Meta’s drive to integrate artificial intelligence into its products yielded strong financial results for the second quarter in a row. The company plans to spend even more on AI in the coming months, though, and its share price slumped more than 15% as the company reported earnings Wednesday. A weak sales forecast and higher spending guidance rattled investors.

Mark Zuckerberg said his main focus for the rest of 2024 and likely 2025 will be “getting millions or billions of people to use Meta AI” rather than generating revenue from it. He cautioned that Meta products such Instagram Reels have in the past not immediately generated revenue as they scaled before they became profitable pieces of Meta’s ad business.

He made the same prediction for Meta AI: “We build out the inventory first and then we monetize it”, saying Meta was “scaling the product before it is making money”.

“We’re more optimistic and ambitious on AI” than last quarter, Zuckerberg added.

Revenue at the world’s largest social media business increased 27% to $36.46bn during the first quarter in contrast to analyst expectations of $36.16bn. Earnings per share more than doubled to $4.71, surpassing expectations on Wall Street of $4.32.

Shareholders were spooked by revenue guidance for the next quarter: $37.75bn, growth of about 18%. Analysts had predicted around $38.3bn.

Forrester’s VP research director Mike Proulx said: “There’s no doubt that Meta is all-in on AI, but to achieve its vision, the company has to make big investments in infrastructure. Mark Zuckerberg’s ‘heads up’ was reminiscent of what he once said about the metaverse, and that didn’t exactly go so well. But this is different than Meta’s metaverse gamble because AI has real and practical use cases now.”

Meta also now expects its capital expenditure to be between $30bn and $40bn this year, up from an earlier forecast of between $35bn and $37bn.

Shares in the firm, which owns Facebook, Instagram and Whatsapp, were down sharply in after-hours trading. The group did not issue a dividend to investors for the first quarter of 2024, having done so for the first time in its history in the last quarter, which bolstered investors’ confidence.

Proulx said: “The question remains whether Meta can contend in the AI race while maintaining a strong financial position. To do this, expect to see more ‘metaverse’ resources diverted from Reality Labs to Meta’s AI initiatives.”

TikTok, a key competitor, is facing extreme regulatory pressure and uncertainty, leading investors to put their money in safer bets. The day before Meta reported earnings, the Senate approved a bill that would ban TikTok if it were not sold to an American company. Joe Biden signed the bill the day of the earnings report.

Meta chief financial officer Susan Li said it was “too early to assess” the effect of the bill on Meta’s business.

Meta’s shares have rallied by nearly 40% this year. Investors have cheered Zuckerberg’s and the company’s pivot from investment in its metaverse products to spending big on artificial intelligence.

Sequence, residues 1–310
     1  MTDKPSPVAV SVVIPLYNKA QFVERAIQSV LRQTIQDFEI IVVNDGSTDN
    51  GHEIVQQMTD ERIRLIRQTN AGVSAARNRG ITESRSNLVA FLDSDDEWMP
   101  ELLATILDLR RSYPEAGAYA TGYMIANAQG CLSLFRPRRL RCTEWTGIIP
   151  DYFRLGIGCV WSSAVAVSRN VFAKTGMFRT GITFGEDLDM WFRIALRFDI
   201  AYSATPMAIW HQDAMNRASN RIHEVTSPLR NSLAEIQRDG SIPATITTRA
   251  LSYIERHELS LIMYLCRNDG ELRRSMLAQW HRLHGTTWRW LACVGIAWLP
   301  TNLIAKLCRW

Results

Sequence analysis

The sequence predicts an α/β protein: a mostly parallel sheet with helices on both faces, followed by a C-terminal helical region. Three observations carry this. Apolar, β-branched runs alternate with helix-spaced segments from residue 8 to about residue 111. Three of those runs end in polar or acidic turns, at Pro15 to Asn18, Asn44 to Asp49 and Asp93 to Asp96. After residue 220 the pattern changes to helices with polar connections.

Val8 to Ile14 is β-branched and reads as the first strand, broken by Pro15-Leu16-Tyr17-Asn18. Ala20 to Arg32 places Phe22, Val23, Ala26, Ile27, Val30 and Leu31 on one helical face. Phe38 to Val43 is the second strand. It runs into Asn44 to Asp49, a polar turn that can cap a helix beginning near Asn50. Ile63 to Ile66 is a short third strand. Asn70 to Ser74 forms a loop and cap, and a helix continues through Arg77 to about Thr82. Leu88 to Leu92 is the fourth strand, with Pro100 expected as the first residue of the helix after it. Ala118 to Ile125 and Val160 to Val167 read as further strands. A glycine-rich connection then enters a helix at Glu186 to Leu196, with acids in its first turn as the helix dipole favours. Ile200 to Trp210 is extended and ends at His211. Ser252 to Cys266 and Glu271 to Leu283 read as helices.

Emarketer senior analyst Max Willens said the results were positive, but Meta needed to continue its upward momentum in the face of rising costs.

“For all the recent scrutiny of its effectiveness, Meta’s ad business is humming,” Willens said. “With inventory levels and average price per ad rising, Meta is back to delivering enviable margins even as it continues to invest in opportunities that may be years away from contributing to profits.”

Last week, the company announced it would integrate its partially released Llama 3 large language model across its platforms. The Meta AI assistant will also roll out to Australia, Canada, Singapore, Nigeria and Pakistan. The company also said it would add real-time image generation to its social networks.

Investors also gave their blessing to Zuckerberg’s declaration of a “year of efficiency” in 2023, which in practical terms meant four sweeping rounds of layoffs. According to the earnings report, the company’s workforce was down 10% since last year. The company cut more than 20,000 jobs, reducing its headcount to a figure similar to that of 2021. The company had doubled its workforce from 2020.

Regulatory headwinds have formed a dark cloud on the horizon, however. Zuckerberg testified at a congressional hearing earlier this year, during which lawmakers raised the prospect of stripping Meta of its primary shield from legal liability for what its users post.

Advocates say Meta fails to adequately protect children, and some lawmakers agree. New Mexico’s attorney general is suing the company for allegedly facilitating child predation. More than 30 states are suing the company for allegedly endangering teens’ mental health.

Speaking to parents at the hearing whose children had killed themselves after facing harassment and sex trafficking via social media, Zuckerberg said: “I’m sorry for all that you have been through.”